Hi there, I'm from Car Next Door. The system isn't really set up as an investment / profit-making platform (though some car owners do make a profit): it's more for offsetting the costs of a car that you already own, and being able to drive it yourself when you want to without having to wear all of the costs of ownership.
Average car owners earn around $2,000 - $2,500 a year after the costs of the borrowers' driving are taken into account. For many people, that covers the standing costs of owning the car. Utes and vans earn their owners around $4,500 a year on average. Top-earning vehicles on the platform earn $7k to $10k a year. The aim is to reduce the number of cars that sit around idle all day in our cities, though, and not to get people buying more cars to rent out.
[Response: Yes, you have to remember to book your own car and take your personal belongings out. But compared with other ways to earn money, it's not that much of a hassle - you can just do it from your smartphone.]
Lots of other questions about earnings, insurance etc are answered in our FAQs: Car Owner FAQs – Learning and Support Centre
You'd think I was legally blind.lol.
No serious accidents though. Things like hitting wheelie bin(s) for six, the odd fence post and the usual carpark bump and scrapes.
I suppose three or four accidents a year may be an exaggeration but you'd be surprised how many bingles you have a year.
If you average 20 thousand km per year and you never have a scrape you're doing real good. Take a walk around your car and you'll be surprised how many small car park hits your car has taken without your knowledge.
I have made some some insurance claims, sure, and I do pay a good premium each year but I'm still with the same insurance company for the last five years.
Awesome replies (For some frustrating reason I don't get alerts when people respond to my posts! - If anyone knows how to fix this I'd love to hear!!)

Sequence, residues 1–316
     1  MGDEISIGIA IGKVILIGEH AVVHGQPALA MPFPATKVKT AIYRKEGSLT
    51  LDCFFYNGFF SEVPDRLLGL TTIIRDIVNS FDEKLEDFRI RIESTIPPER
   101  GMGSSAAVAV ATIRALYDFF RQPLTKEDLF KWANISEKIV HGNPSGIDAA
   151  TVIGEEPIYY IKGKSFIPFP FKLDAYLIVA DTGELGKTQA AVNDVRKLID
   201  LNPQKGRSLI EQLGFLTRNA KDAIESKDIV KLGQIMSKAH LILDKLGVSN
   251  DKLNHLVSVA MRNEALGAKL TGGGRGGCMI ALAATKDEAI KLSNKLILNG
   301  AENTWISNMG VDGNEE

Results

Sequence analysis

I think it's an interesting concept - Drive my car seems to be more suited to investors - They do much longer term hire though.
The concept that it's a "business" not an "investment" is probably more accurate though - given that the car is going to depreciate in value.
I imagine it making sense with an older vehicle that's already experienced a lot of depreciation and has some minor dents or scratches already.
I'm certainly not leasing out my Alfa
I had a client who owned a reasonable Sydney car hire business. You would be surprised at the judgements he had in his favour. All court notices came to our office as the reg office. Best one was a 4t removal truck - Drove off with backdoor flapping open. Hit a porsche going around a corner which was brand new - A lot of damage but it then struck a merc parked on road. Porsche was uninsured and so was the Merc. His insurance was classified as overbody damage (its anything above the base of the truck body !!) and cover was declined. This is a standard clause. Car hirers have a load of them. The hirer had a $54,000 judgement awarded against him. He had a few of these a week and used a law firm that specialises in this work for all the major car hire companies. (Mascot based!!)
Insurances cover both vehicles. I would take the insurance if I were you. Or an annual domestic + international travel policy for excesses.
Trucks are a different matter to a car. I do take out the excess with a truck.